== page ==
Granted, this comes with the caveat that the contributions we’re talking about are like comparing apples and oranges. Most folks in the Meteor community are working on their own apps that use the framework, rather than hacking on the framework itself. And in the course of writing their apps, many of them produce packages that they put on Atmosphere. But my short answer is, I don’t really put up barriers. As long as I invest in getting more experts on board, the ratio will be just fine.


At OpenHatch we work to make a lot of beginner learning tasks into self-serve tasks. When simple repetitive stuff is poorly documented (or, ahem, not documented at all…) then it makes your experts feel like they aren’t making the best use of their time when they answer questions. When you compound that with “casting a wide net” and having only a few fish stick around, that can feel pretty inefficient.

I don’t think the barrier needs beefing up so much as the docs and the resources that can help a person help themselves. Another key thing that can lower the mileage on your experts is empowering people who were new last month to help the folks who are new today. Honestly, they probably have a better recollection of some of the things your super-new person is struggling with anyway.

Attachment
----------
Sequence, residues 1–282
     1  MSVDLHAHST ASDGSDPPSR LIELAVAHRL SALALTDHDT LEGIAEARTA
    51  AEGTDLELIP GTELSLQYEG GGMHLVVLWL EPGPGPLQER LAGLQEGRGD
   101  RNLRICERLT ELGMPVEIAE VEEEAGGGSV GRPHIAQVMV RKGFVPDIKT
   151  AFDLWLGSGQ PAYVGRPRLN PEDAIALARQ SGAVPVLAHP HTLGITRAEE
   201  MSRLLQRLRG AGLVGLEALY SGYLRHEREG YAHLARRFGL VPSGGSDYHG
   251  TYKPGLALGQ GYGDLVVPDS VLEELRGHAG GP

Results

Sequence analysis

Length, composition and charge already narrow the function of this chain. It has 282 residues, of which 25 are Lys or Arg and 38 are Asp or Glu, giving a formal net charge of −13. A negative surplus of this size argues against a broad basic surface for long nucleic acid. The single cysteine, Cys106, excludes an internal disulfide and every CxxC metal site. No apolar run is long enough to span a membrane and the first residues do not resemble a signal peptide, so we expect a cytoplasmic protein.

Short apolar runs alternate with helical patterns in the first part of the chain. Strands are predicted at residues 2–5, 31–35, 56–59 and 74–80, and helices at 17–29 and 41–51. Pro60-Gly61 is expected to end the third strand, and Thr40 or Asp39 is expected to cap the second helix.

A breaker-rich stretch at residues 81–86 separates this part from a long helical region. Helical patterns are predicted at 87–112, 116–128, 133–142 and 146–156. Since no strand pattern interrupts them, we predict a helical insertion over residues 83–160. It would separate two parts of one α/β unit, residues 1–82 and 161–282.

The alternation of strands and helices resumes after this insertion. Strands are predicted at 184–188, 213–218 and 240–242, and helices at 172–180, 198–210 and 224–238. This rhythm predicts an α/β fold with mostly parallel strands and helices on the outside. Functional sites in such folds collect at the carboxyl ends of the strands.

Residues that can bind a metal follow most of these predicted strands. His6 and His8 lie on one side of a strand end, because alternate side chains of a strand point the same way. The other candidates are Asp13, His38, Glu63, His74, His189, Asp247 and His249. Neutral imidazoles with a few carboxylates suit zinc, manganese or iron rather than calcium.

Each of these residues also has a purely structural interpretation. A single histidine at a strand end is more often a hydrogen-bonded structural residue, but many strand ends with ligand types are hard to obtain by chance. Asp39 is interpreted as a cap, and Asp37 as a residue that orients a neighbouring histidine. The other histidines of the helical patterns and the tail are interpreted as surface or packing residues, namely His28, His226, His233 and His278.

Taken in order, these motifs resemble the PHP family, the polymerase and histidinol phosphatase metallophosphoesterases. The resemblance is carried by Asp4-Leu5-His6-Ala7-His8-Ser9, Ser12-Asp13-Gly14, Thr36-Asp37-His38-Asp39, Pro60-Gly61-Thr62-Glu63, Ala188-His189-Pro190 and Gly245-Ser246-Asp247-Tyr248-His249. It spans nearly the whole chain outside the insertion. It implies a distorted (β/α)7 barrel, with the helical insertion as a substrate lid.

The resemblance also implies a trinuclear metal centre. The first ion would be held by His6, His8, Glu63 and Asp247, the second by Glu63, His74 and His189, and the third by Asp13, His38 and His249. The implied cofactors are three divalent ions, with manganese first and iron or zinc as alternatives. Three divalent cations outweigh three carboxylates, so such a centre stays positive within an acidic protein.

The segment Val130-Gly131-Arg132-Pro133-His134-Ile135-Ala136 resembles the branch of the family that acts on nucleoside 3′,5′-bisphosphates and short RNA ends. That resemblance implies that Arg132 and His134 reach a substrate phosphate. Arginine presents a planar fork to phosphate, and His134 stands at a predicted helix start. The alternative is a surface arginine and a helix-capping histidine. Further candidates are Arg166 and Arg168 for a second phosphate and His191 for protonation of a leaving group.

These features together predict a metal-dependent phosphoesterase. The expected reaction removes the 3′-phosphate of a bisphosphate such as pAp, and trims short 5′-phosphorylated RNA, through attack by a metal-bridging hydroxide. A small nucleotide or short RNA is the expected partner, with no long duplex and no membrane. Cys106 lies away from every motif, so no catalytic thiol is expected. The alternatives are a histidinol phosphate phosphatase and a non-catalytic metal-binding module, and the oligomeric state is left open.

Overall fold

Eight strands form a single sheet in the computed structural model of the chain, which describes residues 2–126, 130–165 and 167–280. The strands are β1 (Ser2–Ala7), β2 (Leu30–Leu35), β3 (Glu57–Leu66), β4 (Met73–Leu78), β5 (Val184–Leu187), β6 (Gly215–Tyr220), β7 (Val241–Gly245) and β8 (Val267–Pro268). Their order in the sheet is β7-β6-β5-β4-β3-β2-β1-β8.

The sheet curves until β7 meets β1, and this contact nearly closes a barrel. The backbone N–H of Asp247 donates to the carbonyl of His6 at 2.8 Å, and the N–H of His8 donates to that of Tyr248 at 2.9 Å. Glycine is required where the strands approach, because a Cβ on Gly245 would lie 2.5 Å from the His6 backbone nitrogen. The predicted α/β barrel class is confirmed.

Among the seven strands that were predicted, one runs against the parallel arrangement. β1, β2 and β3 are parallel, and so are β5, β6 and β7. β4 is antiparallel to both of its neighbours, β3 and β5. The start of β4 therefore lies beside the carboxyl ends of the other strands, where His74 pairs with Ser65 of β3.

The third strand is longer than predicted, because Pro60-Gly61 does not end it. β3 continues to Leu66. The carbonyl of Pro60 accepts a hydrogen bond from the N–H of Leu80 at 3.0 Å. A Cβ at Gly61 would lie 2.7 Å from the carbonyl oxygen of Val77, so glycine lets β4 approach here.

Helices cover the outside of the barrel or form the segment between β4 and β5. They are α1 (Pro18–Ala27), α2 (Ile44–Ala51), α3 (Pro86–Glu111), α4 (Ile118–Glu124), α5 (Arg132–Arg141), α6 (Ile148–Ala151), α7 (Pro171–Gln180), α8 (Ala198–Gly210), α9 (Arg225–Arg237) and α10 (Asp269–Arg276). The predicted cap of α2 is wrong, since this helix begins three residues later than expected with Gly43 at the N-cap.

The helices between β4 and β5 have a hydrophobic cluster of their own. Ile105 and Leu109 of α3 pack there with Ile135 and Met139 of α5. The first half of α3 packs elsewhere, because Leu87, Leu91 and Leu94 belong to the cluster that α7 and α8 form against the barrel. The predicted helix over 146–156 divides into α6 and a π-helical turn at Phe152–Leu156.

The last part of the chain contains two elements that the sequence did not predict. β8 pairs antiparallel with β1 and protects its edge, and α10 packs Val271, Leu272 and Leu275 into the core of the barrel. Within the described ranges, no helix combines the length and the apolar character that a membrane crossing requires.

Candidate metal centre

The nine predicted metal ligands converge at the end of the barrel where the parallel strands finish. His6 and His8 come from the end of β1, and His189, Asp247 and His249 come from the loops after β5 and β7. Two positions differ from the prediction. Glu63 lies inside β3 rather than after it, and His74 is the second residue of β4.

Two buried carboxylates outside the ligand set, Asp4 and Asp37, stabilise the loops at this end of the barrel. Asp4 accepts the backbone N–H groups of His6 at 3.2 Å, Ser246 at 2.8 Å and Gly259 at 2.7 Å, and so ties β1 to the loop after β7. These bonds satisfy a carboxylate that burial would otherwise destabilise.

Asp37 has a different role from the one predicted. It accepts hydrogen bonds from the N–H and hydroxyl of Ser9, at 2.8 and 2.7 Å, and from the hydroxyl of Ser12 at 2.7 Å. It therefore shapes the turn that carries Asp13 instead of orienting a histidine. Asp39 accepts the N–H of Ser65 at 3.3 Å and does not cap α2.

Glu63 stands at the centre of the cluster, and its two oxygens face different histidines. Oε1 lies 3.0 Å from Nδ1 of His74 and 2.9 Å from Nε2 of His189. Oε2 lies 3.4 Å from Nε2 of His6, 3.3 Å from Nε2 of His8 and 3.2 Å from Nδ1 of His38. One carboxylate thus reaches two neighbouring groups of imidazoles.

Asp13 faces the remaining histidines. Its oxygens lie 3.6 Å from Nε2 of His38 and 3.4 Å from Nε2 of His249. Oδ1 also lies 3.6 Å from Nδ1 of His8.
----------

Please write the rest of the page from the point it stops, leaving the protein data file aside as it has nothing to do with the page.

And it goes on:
I like “friction” as Alex said. Otherwise, I agree too, this can be positive.

I think the ideal is to be intentional. There’s friction you put in place in order to mediate and build a positive culture (such as things that discourage rudeness), and then there’s friction that exists because you haven’t addressed it. We don’t want to make excuses for friction. I think every bit of friction should be questioned, but we shouldn’t assume all friction is bad.

EDIT: just thought of a great concrete example: forced previews. I am sympathetic to systems that make you preview a comment before you finally submit. It can lead to a sort of preview-blindness in worst cases, but I think it probably catches a decent amount of things where people post something and later feel they could have said it a little better…